02, Jan 2018 | CJP Team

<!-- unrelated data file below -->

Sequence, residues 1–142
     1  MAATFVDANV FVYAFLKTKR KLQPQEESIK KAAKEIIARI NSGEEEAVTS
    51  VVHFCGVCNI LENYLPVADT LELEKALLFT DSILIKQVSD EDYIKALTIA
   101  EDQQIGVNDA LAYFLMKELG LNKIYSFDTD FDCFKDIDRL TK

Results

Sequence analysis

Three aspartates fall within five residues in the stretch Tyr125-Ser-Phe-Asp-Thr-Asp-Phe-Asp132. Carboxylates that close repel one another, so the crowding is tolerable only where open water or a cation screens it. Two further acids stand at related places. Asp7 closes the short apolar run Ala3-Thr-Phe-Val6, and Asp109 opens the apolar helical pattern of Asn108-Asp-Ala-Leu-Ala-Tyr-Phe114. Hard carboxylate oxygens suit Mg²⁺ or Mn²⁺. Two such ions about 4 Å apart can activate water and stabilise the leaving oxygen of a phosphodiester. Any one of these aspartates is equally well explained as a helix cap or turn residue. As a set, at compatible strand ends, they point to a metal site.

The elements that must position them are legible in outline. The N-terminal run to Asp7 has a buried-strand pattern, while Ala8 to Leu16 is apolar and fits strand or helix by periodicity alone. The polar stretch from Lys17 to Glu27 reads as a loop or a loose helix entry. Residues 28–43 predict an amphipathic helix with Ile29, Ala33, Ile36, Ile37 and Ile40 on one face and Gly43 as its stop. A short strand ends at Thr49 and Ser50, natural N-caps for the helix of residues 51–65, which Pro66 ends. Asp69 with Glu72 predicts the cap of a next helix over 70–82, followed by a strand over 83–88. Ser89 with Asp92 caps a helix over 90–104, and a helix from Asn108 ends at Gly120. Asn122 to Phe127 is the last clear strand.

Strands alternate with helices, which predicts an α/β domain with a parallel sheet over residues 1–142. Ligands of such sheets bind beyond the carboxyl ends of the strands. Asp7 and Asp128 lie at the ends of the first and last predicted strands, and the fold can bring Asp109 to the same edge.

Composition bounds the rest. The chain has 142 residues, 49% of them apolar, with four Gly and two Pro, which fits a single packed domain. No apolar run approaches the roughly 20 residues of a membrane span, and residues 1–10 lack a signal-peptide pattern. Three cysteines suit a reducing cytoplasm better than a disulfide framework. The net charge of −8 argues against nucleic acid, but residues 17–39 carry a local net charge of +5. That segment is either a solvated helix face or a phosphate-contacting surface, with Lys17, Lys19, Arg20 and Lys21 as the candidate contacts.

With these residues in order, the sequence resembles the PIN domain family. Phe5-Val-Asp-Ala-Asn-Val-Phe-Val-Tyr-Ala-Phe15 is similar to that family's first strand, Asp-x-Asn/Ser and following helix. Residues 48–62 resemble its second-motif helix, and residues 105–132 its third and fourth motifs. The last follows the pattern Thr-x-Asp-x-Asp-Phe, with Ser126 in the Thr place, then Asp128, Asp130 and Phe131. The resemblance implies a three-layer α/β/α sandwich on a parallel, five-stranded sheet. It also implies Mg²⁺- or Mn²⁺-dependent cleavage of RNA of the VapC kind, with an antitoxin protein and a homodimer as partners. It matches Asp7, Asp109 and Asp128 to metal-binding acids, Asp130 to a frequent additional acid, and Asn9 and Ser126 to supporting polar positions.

As 2017 came to a close, the heads of the World Health Organisation (WHO), the World Food Programme (WFP), and the United Nations’ children’s agency (UNICEF) issued a statement on the conflict in Yemen, saying that it “has created the worst humanitarian crisis in the world,” having “passed the tipping point into a rapid decline from crisis to deepening catastrophe.” The statement said that “some 75 per cent of Yemen’s population are in need of humanitarian assistance”. It also said that “at least 60 per cent of Yemenis are now food insecure and 16 million people do not have access to safe water and proper sanitation”. The statement noted recent progress, with the “Hudaydah port” opening for commercial food and fuel imports; it emphasised that these supplies must be maintained. It said that “safe water is now completely unaffordable for more than two thirds of Yemenis living in extreme poverty,” and that fuel is rapidly dwindling for “water pumping stations serving over 3 million”. The statement said that UN agencies lack “full humanitarian access” to some of the worst hit communities and so are unable to “assess their needs.” It outlined the agencies’ efforts in humanitarian assistance, including distributing clean water, fuel, medication and medical supplies, as well as vaccinations and treatment of children with acute malnutrition, noting that today, “anyone sick with suspected cholera who is able to access health services has an almost 100 per cent chance of surviving.” However, it stressed that deteriorating “conditions on the ground threaten to overwhelm our capacity to respond,” and urged all parties involved to allow “full humanitarian access” and called for the immediate cessation of fighting.